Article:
Yarn bombing is an artform where colourful knitting is applied to common street objects such as fire hydrants and telegraph poles. The practice of yarn bombing is said to have originated in Texas but has gained popularity around the world. While some classify yarn bombing as vandalism, others view it as a way of bringing colour to an otherwise sterile streetscape. Yarn bombing has allowed for feminist participation in the traditionally male dominated graffiti scene (McGovern 2019).
The practice of yarn bombing is illegal in some jurisdictions, but is often not prosecuted as vigorously as graffiti. McGovern (2019) suggests that this is because yarn bombing is often done by middle class white women, and it is more easily removed. Agata Oleksiak faced legal difficulties for yarnbombing an underwater museum, when it resulted in damage to marine life (Wikipedia). Similarly, the yarn bombing of plant life has been criticised for its potential to negatively impact growth and sap production.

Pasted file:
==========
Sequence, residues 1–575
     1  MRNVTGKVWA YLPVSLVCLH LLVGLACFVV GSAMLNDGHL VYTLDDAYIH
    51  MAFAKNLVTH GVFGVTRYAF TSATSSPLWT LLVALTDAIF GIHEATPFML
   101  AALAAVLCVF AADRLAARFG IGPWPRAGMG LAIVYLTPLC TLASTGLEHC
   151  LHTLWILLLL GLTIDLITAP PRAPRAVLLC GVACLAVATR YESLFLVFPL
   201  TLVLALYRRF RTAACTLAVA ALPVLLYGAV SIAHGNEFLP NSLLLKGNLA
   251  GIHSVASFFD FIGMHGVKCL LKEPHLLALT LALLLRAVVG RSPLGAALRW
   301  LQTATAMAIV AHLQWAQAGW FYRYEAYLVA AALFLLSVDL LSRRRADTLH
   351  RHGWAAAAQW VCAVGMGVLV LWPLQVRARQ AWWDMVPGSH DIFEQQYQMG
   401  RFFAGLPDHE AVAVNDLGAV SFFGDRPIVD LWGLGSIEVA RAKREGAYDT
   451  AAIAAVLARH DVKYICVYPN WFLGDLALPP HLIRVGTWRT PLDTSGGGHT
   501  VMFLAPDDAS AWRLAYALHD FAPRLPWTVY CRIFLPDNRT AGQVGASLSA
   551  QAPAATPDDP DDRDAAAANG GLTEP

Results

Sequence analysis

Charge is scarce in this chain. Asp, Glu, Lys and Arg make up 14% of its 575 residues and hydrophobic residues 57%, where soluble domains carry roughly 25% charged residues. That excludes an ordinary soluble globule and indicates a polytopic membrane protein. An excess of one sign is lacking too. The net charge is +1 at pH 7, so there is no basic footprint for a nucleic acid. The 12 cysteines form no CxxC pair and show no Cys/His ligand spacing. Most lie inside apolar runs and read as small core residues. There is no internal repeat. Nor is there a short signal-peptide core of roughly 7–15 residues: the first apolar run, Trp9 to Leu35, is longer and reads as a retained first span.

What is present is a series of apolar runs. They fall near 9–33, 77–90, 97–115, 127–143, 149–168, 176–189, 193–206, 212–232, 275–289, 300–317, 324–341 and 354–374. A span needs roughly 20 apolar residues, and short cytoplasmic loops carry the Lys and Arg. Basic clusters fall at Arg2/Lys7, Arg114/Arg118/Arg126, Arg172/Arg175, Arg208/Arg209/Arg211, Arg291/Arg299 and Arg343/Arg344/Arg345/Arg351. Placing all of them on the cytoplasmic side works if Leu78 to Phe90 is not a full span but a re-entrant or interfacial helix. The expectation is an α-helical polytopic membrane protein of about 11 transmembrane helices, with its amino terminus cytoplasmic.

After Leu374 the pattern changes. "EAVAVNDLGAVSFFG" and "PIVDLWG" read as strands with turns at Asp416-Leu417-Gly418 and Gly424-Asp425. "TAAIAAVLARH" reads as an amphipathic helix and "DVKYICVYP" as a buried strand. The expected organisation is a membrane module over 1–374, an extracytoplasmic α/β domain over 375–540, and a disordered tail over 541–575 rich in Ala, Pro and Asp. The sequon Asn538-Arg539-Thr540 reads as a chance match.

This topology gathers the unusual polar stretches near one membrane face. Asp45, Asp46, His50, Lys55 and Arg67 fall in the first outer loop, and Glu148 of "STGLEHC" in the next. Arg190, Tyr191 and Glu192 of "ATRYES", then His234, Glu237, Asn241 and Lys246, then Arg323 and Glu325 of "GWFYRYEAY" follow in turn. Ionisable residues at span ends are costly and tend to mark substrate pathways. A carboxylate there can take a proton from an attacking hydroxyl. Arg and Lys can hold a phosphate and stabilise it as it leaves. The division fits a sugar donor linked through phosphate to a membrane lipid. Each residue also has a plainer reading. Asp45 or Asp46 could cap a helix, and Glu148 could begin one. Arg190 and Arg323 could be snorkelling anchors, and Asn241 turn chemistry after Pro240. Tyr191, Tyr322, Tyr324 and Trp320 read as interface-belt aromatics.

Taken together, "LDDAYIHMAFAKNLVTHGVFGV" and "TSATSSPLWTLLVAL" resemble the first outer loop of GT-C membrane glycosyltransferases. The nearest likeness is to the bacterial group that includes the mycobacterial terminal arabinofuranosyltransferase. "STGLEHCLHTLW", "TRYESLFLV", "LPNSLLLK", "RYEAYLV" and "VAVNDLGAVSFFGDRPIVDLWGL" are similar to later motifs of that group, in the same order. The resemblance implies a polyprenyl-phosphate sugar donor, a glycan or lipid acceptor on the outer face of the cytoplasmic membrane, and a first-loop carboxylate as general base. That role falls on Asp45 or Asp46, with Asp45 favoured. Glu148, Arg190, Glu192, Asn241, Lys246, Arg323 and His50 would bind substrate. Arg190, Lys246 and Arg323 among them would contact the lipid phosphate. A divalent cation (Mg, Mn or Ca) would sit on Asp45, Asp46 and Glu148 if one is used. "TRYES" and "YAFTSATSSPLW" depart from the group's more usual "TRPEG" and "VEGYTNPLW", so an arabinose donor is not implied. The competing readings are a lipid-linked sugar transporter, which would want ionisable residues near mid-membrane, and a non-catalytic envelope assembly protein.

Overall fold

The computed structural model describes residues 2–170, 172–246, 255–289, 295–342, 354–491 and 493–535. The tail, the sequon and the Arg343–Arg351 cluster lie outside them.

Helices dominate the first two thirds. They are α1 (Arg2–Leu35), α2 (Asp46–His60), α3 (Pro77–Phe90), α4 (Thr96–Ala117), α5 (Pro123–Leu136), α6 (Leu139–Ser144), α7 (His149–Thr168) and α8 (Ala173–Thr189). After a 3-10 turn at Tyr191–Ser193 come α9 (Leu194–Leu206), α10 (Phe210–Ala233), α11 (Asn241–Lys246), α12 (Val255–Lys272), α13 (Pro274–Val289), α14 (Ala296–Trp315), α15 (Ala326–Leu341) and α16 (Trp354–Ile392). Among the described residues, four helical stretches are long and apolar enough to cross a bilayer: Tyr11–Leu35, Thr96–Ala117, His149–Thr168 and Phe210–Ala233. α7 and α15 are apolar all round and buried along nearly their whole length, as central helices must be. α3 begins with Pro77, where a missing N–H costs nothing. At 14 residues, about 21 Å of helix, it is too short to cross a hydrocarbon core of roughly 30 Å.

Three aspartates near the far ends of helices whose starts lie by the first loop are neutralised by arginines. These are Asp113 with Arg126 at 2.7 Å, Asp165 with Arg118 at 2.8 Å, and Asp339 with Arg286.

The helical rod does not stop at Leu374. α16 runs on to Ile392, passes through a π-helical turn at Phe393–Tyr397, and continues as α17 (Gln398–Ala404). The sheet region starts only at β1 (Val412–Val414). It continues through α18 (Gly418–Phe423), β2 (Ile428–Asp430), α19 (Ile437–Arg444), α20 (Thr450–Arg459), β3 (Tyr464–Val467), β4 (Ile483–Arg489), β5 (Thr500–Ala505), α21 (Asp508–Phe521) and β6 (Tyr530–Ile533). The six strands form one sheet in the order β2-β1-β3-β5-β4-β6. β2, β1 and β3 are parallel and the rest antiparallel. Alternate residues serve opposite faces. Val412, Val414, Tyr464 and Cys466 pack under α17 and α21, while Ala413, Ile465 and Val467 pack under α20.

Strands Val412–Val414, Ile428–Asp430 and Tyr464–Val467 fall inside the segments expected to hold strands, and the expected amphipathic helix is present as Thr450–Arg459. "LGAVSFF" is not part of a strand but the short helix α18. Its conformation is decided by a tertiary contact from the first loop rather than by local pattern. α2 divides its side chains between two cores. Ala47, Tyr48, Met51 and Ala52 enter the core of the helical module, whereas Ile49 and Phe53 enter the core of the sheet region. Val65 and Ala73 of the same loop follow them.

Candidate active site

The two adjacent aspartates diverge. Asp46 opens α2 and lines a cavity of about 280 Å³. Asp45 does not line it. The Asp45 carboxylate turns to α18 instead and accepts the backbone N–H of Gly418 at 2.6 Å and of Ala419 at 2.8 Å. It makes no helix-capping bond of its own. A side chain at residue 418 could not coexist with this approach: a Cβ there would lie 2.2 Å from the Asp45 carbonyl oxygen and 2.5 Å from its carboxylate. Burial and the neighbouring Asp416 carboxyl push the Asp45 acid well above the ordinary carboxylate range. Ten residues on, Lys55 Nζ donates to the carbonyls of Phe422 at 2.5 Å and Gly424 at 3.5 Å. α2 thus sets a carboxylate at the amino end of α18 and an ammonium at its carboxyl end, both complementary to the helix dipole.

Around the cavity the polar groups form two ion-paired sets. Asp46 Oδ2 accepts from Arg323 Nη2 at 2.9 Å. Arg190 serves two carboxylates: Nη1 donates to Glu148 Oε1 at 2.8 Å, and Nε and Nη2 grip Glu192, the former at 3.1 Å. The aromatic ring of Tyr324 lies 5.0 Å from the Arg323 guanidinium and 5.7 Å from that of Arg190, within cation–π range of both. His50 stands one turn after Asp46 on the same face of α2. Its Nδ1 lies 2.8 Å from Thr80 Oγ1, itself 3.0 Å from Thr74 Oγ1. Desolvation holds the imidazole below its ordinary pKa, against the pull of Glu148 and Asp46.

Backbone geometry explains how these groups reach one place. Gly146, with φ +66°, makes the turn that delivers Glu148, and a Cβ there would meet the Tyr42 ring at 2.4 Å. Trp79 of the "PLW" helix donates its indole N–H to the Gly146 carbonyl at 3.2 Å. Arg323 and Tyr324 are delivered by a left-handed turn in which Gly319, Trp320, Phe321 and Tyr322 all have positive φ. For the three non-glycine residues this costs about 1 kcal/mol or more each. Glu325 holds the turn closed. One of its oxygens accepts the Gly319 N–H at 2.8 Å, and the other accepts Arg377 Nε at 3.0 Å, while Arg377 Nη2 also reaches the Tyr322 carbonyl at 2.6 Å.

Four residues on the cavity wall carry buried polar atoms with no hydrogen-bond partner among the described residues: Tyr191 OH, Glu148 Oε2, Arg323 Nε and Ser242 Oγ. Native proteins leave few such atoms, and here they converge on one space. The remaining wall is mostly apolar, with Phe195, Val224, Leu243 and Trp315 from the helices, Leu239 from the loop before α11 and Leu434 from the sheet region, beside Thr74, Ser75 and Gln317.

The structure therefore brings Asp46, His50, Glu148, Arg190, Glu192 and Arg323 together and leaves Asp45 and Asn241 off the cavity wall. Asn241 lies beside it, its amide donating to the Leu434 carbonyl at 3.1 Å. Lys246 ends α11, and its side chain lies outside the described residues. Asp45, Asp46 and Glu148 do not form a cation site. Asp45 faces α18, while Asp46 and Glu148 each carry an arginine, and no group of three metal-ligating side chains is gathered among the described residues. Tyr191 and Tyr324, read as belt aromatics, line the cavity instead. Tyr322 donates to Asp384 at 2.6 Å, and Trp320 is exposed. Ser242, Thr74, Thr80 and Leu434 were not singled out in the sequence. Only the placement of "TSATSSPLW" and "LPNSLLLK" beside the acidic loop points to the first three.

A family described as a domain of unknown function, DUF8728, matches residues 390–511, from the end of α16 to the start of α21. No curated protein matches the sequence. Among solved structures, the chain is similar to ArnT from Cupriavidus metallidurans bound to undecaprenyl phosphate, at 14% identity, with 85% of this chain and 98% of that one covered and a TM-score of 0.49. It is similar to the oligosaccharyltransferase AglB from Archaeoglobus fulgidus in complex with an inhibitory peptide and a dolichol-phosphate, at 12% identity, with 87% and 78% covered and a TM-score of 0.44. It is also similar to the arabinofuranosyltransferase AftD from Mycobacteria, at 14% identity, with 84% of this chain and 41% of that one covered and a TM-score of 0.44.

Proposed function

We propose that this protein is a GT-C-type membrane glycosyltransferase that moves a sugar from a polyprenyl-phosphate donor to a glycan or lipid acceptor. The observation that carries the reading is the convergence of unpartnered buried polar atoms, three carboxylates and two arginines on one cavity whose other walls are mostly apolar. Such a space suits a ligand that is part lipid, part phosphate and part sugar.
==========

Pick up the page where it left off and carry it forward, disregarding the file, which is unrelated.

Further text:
Yarn bombing has been used as a form of protest. In Queensland the Knit Your Revolt Tricycle Gang used yarnbombing to protest anti-bikie legislation. Others have used yarn bombing as a way of highlighting political issues such as climate change and anti-consumer sentiment (McGovern 2019). One yarn bomber argued that they reason she yarn bombs is to highlight ‘that not all tagging is bad’ (McGovern 2014). However, graffiti artists are just as passionate about defending their artform. In an article which explains why graffiti is not vandalism, graffiti was promoted as taking technical skill, exemplifying freedom of expression and powerfully championing political and social issues (Art Life).
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Art Life, Why Graffiti Art is Not Vandalism, accessed at Graffiti Art: Why Graffiti is Art and Not vandalism (artlife.com)
McGovern, Alyce (6 March 2014). "Knit one, purl one: the mysteries of yarn bombing unravelled". The Conversation accessed at Knit one, purl one: the mysteries of yarn bombing unravelled | UNSW Newsroom
McGovern, Alyce (2019). Craftivism and Yarn Bombing: A Criminological Exploration. London: Palgrave.
Wikipedia, accessed at Yarn bombing - Wikipedia